As ASST results tend to get modified with treatment, the patients should be off antihistamines for at least 2-3 days (long-acting antihistamine for 7 days) and doxepin for 2 weeks prior to the test to avoid false negative results. [7],[12],[13] Most studies also exclude patients taking corticosteroids or immunosuppressive agents during the foregoing 6 weeks to 3 months of ASST.[7],[14] In other words, the patient should have active disease at the time of ASST. However, the test is not performed over areas involved by wheals in the last 24 h.

Preparation of Autologous Serum and Controls

Two milliliters of patient′s venous blood is collected in a sterile glass tube and allowed to clot for 30 min at room temperature. The serum is then separated by centrifugation at 500× g for 15 min and used immediately for ASST. [12],[13]

Histamine diphosphate 10 µg/ml for positive control and sterile physiological saline (0.9%) for negative control are used. [12],[13]

Procedure and Interpretation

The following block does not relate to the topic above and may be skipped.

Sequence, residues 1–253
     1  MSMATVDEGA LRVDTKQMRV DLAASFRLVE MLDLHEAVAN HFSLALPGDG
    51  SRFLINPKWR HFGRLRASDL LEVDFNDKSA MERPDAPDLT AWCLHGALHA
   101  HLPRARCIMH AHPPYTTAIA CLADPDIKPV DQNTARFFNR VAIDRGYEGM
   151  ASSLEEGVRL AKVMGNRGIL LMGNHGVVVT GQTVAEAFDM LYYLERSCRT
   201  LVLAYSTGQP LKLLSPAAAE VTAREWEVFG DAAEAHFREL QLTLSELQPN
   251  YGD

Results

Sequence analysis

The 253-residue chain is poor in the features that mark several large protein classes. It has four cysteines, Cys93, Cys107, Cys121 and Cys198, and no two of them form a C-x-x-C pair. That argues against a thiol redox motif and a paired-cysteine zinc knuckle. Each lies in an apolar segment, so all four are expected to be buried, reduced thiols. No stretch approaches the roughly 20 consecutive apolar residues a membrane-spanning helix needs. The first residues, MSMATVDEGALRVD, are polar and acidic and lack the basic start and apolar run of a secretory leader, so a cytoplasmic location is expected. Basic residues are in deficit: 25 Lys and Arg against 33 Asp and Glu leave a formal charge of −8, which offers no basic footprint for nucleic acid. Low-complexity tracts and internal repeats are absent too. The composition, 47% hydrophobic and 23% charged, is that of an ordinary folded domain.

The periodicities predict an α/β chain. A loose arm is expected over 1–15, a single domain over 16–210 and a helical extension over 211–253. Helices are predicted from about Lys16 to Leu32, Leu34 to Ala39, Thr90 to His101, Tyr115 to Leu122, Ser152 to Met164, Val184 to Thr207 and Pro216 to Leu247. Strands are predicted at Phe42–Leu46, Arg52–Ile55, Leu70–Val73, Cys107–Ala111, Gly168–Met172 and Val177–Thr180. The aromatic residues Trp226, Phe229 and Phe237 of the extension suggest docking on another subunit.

Approximately 0.05 ml (equivalent to 2 units on insulin syringe that has 1 ml marked as 40 units) each of autologous serum, histamine diphosphate and sterile physiological saline is injected separately intradermally over volar aspect of the left forearm.[1],[4],[12],[15] Every time a separate syringe should be used for each solution. Autologous serum is injected most proximally and histamine more distally with normal saline in the middle keeping a gap of at least 5 cm between the two injection sites. After 30 min (15 min for histamine), the wheal formed at each injection site is measured at two perpendicular diameters (d 1 and d 2 ) and the average of the two is calculated. [1],[4],[12],[15] Wheal area can also be calculated according to the formula ð [(d1 +d 2 ) 2 /4].[2] If needed the wheal volume can be calculated by multiplying the wheal area by half the change in skin-fold thickness measured with a low-tension spring-loaded thickness measuring gauge. The surrounding flare is often ignored but the redness response is measured as ′ redness score[Table - 2]. [4]